If there are only going to be a limited number of times that the process is going to be re-used, then I would be inclined to make a copy of the process and rename it slightly and use that.  That process is significantly easier if you know that the process is finalized, so that you won’t be needing to make the same change to multiple copies.  If you are going this route, then you need to ensure that the different process copies are sufficiently clearly labelled / documented / commented to allow you (or someone else) to maintain the definition going forwards.

If there are a large number of processes that need to be copied (I remember having copies A through to K of one sub-process!), then I would define the process as a separate, runnable process which is invoked as a child process with it’s own item type and item key.  There are no limitations on the number of times that the process can be re-used, and if the process is still in the same item type, then when it is created, the item attribute definitions will be the same – you just need to include something in your code which copies them from one instance to another.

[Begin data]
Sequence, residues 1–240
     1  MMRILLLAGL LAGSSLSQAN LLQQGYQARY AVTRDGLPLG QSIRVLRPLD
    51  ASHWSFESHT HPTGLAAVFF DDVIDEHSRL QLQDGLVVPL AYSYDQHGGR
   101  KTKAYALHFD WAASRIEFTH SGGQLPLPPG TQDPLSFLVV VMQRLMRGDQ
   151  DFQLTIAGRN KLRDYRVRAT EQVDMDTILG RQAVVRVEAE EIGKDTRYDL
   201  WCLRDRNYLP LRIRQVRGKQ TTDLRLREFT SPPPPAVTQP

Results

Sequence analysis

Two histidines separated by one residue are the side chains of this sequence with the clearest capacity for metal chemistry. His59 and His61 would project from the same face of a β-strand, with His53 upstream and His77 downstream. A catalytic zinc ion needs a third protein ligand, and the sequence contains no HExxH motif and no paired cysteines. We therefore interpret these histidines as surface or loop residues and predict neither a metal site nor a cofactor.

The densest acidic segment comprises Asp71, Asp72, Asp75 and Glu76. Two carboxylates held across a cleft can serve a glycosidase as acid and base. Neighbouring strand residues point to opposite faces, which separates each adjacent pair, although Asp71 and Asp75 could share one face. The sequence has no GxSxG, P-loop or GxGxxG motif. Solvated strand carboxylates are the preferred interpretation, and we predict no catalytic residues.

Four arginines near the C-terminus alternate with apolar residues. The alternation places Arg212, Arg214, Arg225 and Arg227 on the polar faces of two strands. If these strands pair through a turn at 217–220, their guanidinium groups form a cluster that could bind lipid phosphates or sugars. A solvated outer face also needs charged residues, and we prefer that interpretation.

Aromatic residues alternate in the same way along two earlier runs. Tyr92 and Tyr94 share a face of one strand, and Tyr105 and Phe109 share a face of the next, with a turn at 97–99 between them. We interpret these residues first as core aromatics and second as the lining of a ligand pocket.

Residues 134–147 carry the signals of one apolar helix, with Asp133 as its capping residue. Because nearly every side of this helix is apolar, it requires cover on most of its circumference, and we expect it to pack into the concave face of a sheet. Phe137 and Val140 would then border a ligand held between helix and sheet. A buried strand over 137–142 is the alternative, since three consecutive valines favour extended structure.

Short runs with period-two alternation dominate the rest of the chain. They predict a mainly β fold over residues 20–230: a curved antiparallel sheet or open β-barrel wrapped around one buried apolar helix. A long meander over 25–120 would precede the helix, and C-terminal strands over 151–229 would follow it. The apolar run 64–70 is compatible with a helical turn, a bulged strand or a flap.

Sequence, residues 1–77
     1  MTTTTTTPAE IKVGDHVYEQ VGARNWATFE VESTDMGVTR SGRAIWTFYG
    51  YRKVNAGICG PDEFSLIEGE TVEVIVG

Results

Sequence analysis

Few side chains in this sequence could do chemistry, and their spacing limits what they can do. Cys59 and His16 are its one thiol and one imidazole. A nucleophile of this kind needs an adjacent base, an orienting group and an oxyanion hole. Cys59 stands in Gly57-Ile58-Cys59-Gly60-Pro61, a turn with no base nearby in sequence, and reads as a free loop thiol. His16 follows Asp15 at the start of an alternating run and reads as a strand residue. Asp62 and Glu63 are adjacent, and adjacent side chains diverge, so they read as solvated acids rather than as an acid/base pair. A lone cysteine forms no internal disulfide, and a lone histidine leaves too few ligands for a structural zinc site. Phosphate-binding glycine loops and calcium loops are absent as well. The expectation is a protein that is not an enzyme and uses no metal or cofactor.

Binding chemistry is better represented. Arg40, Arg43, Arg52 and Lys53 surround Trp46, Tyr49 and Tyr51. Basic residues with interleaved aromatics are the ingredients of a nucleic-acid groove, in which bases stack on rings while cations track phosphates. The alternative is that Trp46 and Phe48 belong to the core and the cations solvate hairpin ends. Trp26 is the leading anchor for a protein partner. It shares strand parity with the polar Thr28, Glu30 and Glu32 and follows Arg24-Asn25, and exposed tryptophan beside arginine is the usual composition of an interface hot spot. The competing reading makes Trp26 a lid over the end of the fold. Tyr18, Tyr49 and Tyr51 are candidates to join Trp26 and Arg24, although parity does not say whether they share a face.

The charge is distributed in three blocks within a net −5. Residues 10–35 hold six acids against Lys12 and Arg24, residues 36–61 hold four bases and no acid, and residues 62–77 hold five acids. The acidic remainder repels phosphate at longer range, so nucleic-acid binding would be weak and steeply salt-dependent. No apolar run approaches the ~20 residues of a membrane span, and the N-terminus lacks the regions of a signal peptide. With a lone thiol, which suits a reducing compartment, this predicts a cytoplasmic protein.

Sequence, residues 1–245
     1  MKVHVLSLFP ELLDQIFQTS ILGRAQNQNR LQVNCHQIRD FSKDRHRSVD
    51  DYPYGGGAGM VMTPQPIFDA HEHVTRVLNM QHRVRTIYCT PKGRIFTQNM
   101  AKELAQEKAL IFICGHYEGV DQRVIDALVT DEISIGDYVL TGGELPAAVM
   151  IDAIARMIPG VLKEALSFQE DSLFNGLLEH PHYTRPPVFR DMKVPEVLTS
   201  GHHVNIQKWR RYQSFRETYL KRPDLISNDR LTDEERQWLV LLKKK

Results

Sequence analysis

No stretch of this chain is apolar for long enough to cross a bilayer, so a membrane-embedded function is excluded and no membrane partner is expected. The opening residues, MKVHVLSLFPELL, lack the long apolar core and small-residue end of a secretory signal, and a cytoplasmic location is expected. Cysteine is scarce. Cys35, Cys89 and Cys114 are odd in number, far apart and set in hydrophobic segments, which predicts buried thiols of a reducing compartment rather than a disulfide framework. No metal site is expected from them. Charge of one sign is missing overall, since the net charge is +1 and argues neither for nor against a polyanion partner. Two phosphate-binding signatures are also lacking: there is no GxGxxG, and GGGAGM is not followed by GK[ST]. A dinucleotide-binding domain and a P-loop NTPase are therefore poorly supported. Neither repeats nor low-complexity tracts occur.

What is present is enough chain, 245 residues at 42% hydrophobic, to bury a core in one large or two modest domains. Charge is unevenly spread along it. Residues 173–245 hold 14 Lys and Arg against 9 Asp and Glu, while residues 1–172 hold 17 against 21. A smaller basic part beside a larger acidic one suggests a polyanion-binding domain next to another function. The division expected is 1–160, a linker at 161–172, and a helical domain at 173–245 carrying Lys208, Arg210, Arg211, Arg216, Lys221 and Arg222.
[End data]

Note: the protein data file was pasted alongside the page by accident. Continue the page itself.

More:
One downside of implementing a parent-child relationship, however, is that when you look at the entire history of the process, it isn’t going to be all in one place – there will be some parts recorded in one process and others in other bits.  Also, I would be wary of using the standard WAITFORFLOW / CONTINUEFLOW activities to manage the flow, if there is a way that there could be more than one waiting process.  Instead, I would define some custom business events – have the main flow wait to receive the event, and the child flows raise the event.  This way, when you raise the event, you can pass attribute values easily back into the parent without having to directly call the WF_ENGINE APIs.